An Ode to the Resturant Workers

I have been working in restaurants for a long time.

Actual picture of my first waitress job

I have always said that all people should have to work for at least six months in the food industry. It’s a strange business. The hours are long, weekends off aren’t a thing, shift ending times are more of an estimated guess than anything, and all the while, your financial well-being is in large part left up to elements outside of your control.

For the most part, there isn’t a single staff member at One6three who doesn’t have at least five years of experience in the industry. We’re good at our jobs and we take a lot of pride in the way we make our food, serve our food, and treat our guests. If you were with us this past Sunday night, you know that it was a busy night. We hustled hard, and at the end of the night, I looked at our staff, still smiling, still laughing together as they rolled the nightly dough, swept the front of the house, mopped the back of the house, and counted up the register. I got the same sense of pride from being a part of that group as I did from finishing my Master’s Degree or teaching high schoolers to write essays at my teaching job in New Haven. And yet, there is a difference between those accomplishments. Service sector workers don’t get the respect or prestige that they deserve. Too often I have asked people what they do and they say, meekly, “I’m a waitress” or “I manage a kitchen” or “I deliver food” as if those jobs aren’t as good as any other job. As if making someone delicious food isn’t valuable.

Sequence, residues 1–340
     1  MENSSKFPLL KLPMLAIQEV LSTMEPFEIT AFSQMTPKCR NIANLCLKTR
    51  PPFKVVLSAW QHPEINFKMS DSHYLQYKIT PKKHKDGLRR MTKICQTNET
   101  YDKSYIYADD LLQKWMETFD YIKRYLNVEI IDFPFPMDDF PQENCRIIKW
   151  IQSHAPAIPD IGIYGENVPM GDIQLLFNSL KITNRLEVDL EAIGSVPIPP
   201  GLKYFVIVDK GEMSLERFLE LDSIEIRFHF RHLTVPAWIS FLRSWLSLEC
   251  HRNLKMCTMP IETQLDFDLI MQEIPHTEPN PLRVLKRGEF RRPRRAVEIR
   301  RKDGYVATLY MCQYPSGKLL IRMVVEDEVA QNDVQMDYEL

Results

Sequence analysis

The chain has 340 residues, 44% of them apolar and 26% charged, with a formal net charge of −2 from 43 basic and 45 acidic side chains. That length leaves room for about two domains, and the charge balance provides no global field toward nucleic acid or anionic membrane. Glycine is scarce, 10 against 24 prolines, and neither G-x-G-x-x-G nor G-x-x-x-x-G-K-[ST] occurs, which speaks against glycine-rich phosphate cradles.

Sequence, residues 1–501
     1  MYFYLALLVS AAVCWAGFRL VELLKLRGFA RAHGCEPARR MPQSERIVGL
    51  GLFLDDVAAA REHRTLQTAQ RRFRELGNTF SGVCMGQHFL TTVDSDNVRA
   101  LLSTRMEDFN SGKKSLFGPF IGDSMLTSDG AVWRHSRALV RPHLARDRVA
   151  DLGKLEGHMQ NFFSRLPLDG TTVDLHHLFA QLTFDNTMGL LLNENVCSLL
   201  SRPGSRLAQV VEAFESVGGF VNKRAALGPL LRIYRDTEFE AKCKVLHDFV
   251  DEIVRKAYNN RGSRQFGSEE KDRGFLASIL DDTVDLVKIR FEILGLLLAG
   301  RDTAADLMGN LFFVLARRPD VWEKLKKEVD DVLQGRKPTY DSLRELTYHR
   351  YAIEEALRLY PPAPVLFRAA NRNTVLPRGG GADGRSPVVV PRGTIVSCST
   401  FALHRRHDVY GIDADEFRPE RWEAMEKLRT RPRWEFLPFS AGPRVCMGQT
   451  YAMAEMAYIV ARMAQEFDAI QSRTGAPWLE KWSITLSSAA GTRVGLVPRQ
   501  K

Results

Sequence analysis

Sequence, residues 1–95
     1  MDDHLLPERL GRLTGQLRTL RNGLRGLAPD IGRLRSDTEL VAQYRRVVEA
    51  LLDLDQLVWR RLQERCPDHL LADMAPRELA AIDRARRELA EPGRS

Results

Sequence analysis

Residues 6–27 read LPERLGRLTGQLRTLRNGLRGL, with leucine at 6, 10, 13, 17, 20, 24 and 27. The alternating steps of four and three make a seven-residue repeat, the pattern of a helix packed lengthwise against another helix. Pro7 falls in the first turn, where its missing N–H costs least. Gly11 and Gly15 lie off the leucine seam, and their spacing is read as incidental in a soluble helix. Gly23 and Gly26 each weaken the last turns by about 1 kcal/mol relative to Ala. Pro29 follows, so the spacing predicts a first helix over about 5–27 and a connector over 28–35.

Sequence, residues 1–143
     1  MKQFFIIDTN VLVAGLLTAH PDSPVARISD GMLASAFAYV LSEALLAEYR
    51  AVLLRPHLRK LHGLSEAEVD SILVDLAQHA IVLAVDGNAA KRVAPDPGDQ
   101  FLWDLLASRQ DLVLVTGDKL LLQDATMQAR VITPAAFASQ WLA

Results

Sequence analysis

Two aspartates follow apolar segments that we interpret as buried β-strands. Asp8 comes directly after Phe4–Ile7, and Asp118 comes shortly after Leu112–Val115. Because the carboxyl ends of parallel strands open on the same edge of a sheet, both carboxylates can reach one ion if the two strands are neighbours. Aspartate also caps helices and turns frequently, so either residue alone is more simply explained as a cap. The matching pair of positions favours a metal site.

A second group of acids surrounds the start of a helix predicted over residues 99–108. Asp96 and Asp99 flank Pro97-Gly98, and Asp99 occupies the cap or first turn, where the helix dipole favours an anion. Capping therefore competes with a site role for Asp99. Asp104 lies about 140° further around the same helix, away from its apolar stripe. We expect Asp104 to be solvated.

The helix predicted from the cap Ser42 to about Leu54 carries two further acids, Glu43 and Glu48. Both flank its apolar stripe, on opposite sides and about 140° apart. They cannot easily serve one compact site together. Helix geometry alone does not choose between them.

So here’s to you restaurant workers of the world! Here’s to never having a weekend off. Here’s to long hours on your feet. Here’s to the non-existant break. Here’s to coming home covered in food particles. Here’s to the double shift, the night that wouldn’t end, and the hustle. Here’s to the customer who has never worked in the industry (let us bless them with our patience) and here’s to the customer who has (let us give thanks!). Here’s to the fellow staff that become your weird second family.

You are important.

You are valued.

I see you restaurant workers, and I salute you!



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